Warsaw, Poland, 1974 (4)1.8Restrospective, prevalence
Rochester, Minn., U.S.A., 1980 (5)2.3 (1.9–2.6)Historic cohort, incidence
Rochester, Minn., U.S.A., 1984 (10)2.1 (1.9–2.5)Historic cohort, incidence
United Kingdom, 1994 (6)3.0 (2.5–3.7)Prospective, incidenceb
Iceland, 1997 (7)1.6 (1.2–2.2)Historic cohort, incidence
France, 1999 (8)4.1 (2.5–6.2)Prospective, incidence
Sweden, 2000 (9)2.5 (1.6–3.8)Prospective, incidence, adults

The mortality rate for patients with known epilepsy in Warsaw was 7.8 per 100,000 person-years, but it fell to 2.3 per 100,000 person-years if information was only collected from death certificates that reported epilepsy (4). Based on death certificates, the mortality rate in Rochester was 0.68 per 100,000 person-years when epilepsy was listed as the underlying cause of death, and 2.4 if based on any mention of epilepsy on the death certificate (12).

Mortality in populations with childhood-onset epilepsy has been reported from three studies (13–15). In Finland, a population-based cohort of children with epilepsy (245 cases, 61% incident, 39% prevalent) was identified during the period 1961–1964. At follow-up 30 years later, 90% (220 cases) of the cohort could be traced and 44 were found to be dead yielding a mortality rate of 6.2 per 1,000 patient-years (95% CI 5.7–6.7) (13). Several deaths occurred when the cohort had reached adulthood. The mortality rate was 4.8 (95% CI 4.4–5.3) in incident cases and 8.4 (95% CI 7.8–9.0) in prevalent cases. This difference in mortality between incident and prevalent cases was significant with a relative risk of death among incident cases of 0.53 (95% CI 0.31–0.90, p = 0.03) (13).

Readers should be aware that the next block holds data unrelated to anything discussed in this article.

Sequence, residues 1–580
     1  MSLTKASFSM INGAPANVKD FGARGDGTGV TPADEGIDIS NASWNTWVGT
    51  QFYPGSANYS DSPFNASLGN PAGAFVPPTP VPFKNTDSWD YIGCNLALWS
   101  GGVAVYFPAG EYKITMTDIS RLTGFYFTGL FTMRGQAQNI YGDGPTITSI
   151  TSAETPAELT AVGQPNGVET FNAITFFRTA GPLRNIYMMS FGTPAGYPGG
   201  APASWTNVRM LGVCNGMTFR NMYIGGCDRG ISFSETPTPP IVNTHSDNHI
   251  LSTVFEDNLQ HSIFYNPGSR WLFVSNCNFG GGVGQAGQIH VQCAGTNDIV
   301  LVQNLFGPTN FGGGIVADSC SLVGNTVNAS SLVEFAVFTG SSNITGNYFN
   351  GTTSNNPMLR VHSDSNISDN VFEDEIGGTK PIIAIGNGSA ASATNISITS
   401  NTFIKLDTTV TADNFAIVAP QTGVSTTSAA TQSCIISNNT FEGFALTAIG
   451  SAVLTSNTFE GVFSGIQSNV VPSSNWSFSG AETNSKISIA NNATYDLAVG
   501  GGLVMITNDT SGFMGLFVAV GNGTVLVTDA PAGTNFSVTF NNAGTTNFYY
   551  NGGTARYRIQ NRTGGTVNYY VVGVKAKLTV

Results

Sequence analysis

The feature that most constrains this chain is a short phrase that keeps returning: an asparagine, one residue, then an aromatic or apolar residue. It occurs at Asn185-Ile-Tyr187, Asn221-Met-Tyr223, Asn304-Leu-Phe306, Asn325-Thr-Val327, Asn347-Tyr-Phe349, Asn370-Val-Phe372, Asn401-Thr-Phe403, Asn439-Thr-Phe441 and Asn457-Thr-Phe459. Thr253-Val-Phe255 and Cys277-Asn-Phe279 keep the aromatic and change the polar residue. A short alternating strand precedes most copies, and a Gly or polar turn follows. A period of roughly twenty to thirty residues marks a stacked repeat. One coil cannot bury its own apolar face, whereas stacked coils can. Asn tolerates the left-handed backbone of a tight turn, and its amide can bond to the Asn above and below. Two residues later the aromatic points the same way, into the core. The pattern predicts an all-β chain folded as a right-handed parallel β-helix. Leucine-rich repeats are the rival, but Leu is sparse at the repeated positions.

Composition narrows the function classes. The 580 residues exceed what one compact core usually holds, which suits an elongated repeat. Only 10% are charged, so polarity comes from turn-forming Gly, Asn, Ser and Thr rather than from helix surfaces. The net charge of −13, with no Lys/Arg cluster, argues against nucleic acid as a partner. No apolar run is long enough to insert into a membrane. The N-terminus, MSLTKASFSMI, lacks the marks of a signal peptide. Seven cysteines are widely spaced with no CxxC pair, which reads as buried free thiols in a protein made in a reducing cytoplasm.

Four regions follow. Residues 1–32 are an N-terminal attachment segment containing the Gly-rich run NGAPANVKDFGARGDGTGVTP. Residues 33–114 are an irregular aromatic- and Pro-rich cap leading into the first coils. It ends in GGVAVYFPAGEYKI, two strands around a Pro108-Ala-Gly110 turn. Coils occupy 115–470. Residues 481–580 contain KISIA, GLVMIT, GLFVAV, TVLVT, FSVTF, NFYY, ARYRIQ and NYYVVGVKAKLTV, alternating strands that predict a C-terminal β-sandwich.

An Australian study reported on mortality in children with epilepsy where deaths occurred during childhood (14). From a database of all children in the study area, aged 1–14 years, were identified who died and had a diagnosis of epilepsy or seizures, or another neurological diagnosis known to be associated with epilepsy, or died accidentally or unexpectedly. Their medical files were evaluated to confirm or refute the diagnosis of epilepsy. Of 1,095 children who died, 93 had a history of epilepsy that was active or inactive. Assuming a prevalence of childhood epilepsy of 7 per 1,000, the authors estimated that the mortality rate was 3.1 per 1,000 patient-years (95% CI 2.0–4.8) in children with epilepsy compared to a mortality rate of 0.23 per 1,000 (95% CI 0.22–0.25) in children without epilepsy (relative risk = 13.2; 95% CI 8.5–21).

In a study from Nova Scotia, Canada, 686 children up to the age of 16 years were followed for a median of 14 years from onset of epilepsy (15). The SMR relative to reference populations from the 1980s and 1990s were 5.3 (95% CI 2.3–8.3) and 8.8 (95% CI 4.2–13.4), respectively.